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EU Public Procurement Law: Purchasing Beyond Price in the Age of Climate Change journal article

Beatriz Martinez Romera, Roberto Caranta

European Procurement & Public Private Partnership Law Review, Volume 12 (2017), Issue 3, Page 281 - 292

Climate change is an urgent matter, which calls for considering the potential, opportunities and challenges of public procurement for combating it. This article analyses the role that public purchasing plays in achieving and enhancing climate change mitigation in the EU, and delves into the specific climate and procurement legal framework after the 2015 Paris Agreement and the 2014 Procurement Directive. The EU rules are analysed to understand the evolution of environmental concerns, specifically climate change, in EU public procurement law over the last twenty years. The article shows how climate change may be accommodated in the light of these two developments, most crucially, under the 2014 procurement reform, which has happened against a backdrop of ongoing tensions between concerns for the proper functioning of the internal market and calls stressing the imperatives of sustainability.


After Spezzino (Case-C-113/13): A Major Loophole Allowing Direct Awards in the Social Sector journal article free

Roberto Caranta

European Procurement & Public Private Partnership Law Review, Volume 11 (2016), Issue 1, Page 14 - 21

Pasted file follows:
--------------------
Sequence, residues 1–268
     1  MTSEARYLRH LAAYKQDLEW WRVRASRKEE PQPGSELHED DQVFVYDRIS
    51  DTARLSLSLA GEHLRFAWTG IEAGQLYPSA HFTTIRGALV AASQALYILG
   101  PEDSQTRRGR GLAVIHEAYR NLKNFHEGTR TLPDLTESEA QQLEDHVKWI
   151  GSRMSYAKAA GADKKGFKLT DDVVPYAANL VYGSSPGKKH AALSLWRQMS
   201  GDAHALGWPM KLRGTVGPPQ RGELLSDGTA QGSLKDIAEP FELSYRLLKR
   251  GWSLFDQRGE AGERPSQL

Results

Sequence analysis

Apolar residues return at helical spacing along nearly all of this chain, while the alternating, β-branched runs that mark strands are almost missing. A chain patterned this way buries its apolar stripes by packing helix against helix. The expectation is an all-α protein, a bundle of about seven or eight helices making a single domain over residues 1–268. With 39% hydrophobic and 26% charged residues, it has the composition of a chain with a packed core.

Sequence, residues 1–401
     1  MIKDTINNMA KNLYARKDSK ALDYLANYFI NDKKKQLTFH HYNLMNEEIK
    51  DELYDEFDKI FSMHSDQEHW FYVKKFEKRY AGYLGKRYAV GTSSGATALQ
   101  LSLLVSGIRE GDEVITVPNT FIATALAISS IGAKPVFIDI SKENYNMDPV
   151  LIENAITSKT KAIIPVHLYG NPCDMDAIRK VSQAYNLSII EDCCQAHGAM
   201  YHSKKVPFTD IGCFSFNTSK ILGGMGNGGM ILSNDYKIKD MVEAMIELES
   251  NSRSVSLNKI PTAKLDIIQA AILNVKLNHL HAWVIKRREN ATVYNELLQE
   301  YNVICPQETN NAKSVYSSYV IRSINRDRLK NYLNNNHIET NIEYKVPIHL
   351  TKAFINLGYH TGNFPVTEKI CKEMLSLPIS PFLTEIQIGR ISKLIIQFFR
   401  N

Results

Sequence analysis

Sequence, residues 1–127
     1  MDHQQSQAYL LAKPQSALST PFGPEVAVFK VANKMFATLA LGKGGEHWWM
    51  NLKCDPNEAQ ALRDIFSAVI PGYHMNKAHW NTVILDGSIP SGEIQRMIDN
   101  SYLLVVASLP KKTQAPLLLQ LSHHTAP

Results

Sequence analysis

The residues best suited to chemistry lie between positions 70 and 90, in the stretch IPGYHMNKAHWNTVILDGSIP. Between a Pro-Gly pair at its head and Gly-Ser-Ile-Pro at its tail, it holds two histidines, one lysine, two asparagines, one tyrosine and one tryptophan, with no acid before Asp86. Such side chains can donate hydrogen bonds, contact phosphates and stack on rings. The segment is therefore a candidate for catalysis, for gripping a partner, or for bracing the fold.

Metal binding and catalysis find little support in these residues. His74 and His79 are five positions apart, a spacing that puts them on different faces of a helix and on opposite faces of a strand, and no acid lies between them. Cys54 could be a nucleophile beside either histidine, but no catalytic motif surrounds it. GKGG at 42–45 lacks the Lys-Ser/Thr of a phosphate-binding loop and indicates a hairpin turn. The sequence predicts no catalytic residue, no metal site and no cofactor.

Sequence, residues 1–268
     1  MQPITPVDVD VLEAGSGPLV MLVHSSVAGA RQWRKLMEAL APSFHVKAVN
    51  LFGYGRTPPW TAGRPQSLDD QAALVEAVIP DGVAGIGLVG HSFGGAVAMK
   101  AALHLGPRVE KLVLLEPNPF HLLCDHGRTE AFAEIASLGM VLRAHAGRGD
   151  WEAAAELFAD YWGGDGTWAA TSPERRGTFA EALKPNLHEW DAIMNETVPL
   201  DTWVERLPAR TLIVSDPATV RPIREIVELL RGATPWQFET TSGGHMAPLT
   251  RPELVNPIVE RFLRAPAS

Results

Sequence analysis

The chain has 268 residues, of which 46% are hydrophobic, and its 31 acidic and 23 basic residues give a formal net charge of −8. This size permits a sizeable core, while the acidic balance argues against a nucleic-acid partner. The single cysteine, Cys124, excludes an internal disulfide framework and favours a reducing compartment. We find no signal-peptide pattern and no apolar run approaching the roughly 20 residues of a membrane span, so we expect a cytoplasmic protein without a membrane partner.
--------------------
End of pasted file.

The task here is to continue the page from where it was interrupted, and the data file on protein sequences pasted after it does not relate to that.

In Spezzino the Court of Justice green lighted direct award of social service contracts to not-for-profit organisations. It is submitted that in allowing direct award the judgment is unnecessarily stretching the thin EU internal market law, since social considerations would have been met by simply setting off contracts for those specific market operators. The judgment also imposes a line of reasoning which is inconsistent with the one followed in the meantime in Directive 2014/24/EU and will have an impact on the implementation of the new directive making it more difficult.


Helping Public Procurement Go Green: The Role of International Organisations journal article

Roberto Caranta

European Procurement & Public Private Partnership Law Review, Volume 8 (2013), Issue 1, Page 49 - 54

Greening public procurement involves more than just changes in the legislation, it requires changes in procurement practices. Three issues appear to be particularly significant: The greening of technical specifications, the development of life-cycle methodologies, and, at the organisational level, training of public officials. International organisations, and notably UNEP, UNOPS, ILO and ITC-ILO, have played and are playing a relevant role here.

 

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The Liability of EU Institutions for Breach of Procurement Rules journal article

Roberto Caranta

European Procurement & Public Private Partnership Law Review, Volume 8 (2013), Issue 3, Page 238 - 247

EU Courts are very reluctant in allowing damages claims against EU institutions for breach of the procurement rules. This corresponds to a more general trend in the case law on the liability of EU institutions. Concerning procurement, however, this is due first to an inflated notion of discretion, limiting the intensity of review, and second, and possibly more relevant, to a very strict approach to causation which simply ignores loss of chances claims. In this situati

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